Homeland Security Watch

News and analysis of critical issues in homeland security

January 1, 2008

2008 Wishlist. Part I.

Filed under: Strategy — by Jonah Czerwinski on January 1, 2008

Happy New Year. What follows is not exactly my list of resolutions for 2008, but rather four consolidated priorities I’d like to see accomplished in order to improve our security at home. Since this blog embraces a broad definition of those factors that contribute to (or further denude) our homeland security, the topics are similarly beyond the normal scope of the homeland security debate (state grants, first responder interoperability, etc.)

Preempt the Terrorists’ Pursuit of WMD
We know that terrorists want them. We know that they are hard to detect when smuggled and to respond to when detonated or released. There’s a lot that can be done in the way of eliminating terrorist access to WMD, but it’ll take a sizeable commitment. While Russia’s military maintains more than 1,000 tons of highly enriched uranium (HEU) and at least 150 tons of weapons-grade plutonium, even more HEU remains in research reactors in dozens of nations around the world, many with security inadequate to prevent theft. The “loose geeks” problem is as relevant as the loose nukes threat. According to the Nuclear Threat Initiative, thousands of weapons scientists (presumably in Russia) are still without a steady paycheck.

In 2008, let’s ramp up Cooperative Threat Reduction (CTR) efforts to role back this twin threat and keep WMD out of terrorists hands to begin with. Start with a plus-up for the CTR budget that amounts to a mere 10% of the budget we annually spend on, say, missile defense. That would be $1 billion for CTR, which is quite a jump from the paltry $342 million presently budgeted.

Finish the Job in Afghanistan to Prevent Further Terrorist Support
Focus on al Qaeda and Basic Stability
Our mission there is on a collision course with itself. What once was the frontline in fighting terrorism is on the backburner while our security gains there erode. We need a “surge” in Afghanistan to create the kind of political and security environment to enable our (albeit imperfect) reconstruction teams, more effectively distribute aid, provide the running room that nascent government needs in order to assert itself and gain the legitimacy it so sorely lacks in many parts of the country. That the Taliban and al Qaeda are still operating there after the early successes of 2001 and 2002 is utterly regrettable.

Recommit to NATO
Start with Afghanistan and follow up at Bucharest
Rebalancing America’s troop commitments in Afghanistan consistent with our national security goals is only part of the solution there. It is a NATO operation and our national interests are served by NATO’s success. Our Alliance is more than a sunk cost from the Cold War. NATO brings together 26 nations – largely under U.S. leadership – on a strategic security agenda that reflects U.S. national interests in 2008 and far into the future. Coalitions of the willing may actually have their place, but nothing is more valuable than the potential legitimacy generated by almost 50 countries (including NATO Partners).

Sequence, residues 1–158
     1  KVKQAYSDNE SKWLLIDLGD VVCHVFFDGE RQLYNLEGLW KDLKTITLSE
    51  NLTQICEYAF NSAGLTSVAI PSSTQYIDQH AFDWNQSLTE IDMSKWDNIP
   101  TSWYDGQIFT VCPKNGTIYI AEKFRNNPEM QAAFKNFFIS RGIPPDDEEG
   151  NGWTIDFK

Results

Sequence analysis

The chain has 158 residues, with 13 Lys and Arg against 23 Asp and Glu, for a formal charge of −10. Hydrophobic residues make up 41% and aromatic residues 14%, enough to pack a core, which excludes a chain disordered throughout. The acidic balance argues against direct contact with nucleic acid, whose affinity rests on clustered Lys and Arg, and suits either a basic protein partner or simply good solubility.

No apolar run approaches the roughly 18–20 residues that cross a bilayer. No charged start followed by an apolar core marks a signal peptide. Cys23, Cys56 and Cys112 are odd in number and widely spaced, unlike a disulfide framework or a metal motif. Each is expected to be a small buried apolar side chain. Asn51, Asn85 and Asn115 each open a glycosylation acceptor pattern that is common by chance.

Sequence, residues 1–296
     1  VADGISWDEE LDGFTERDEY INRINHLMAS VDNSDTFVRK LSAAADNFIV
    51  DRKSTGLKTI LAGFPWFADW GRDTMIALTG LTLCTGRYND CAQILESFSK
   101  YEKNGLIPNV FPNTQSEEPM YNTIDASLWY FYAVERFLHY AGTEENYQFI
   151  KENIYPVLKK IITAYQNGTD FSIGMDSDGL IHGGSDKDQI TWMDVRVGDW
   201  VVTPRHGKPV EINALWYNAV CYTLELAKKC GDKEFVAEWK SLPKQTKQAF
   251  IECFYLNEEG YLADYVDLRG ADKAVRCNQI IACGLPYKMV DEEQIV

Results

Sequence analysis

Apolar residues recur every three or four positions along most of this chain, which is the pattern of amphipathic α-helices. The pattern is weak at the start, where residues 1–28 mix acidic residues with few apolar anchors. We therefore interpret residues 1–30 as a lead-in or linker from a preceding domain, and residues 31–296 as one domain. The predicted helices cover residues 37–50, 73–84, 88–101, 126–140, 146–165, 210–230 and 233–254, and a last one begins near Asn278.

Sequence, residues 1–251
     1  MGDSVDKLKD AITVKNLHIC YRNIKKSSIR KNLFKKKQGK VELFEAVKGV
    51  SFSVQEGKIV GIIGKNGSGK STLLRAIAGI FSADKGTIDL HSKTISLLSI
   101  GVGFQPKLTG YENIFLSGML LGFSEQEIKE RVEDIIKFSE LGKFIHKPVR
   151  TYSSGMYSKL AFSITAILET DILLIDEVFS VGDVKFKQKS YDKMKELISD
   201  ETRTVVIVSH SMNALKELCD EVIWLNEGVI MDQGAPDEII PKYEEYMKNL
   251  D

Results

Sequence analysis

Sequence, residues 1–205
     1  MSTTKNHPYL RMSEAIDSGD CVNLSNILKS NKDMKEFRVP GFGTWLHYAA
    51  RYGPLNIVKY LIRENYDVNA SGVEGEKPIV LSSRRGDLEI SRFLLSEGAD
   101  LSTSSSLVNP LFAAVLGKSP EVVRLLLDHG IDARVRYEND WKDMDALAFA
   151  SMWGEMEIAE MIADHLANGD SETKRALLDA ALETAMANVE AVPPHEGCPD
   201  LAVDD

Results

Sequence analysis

We’ve known since 9/11 that our national security interests are in the common interest among our allies. It was confirmed when NATO invoked the mutual defense clause for the first time in its history in support of the U.S. on September 12, 2001. Let’s make the next NATO Summit, which is scheduled for the Spring and to be held in Bucharest, the “back-to-the-basics” Summit. There is great potential for NATO’s evolution as a global security forum with teeth, but it is already an asset for our national security efforts that remains largely untapped as a political arrow in our quiver for rallying reluctant allies and creating partners in parts of the world where we need them most . As they say, “Animus In Conulendo Liber.”

Win the war on terrorism on the moral front, in addition to the military one.
Rationalize Our Stance on Torture
America cannot sanction torture. While situations may arise wherein we have in our custody a person with knowledge of impending attacks, the United States cannot as a matter of policy advocate for a legal loophole or a moral exception that makes torture a standard operating procedure. Doing so diminishes U.S. credibility, endangers our soldiers overseas, runs contrary to the moral imperative our Fore Fathers set forth, and according to too many who’ve used or witnessed torture, it doesn’t work well enough to justify it as a practice.

Close Guantanamo Bay and Restore Habeas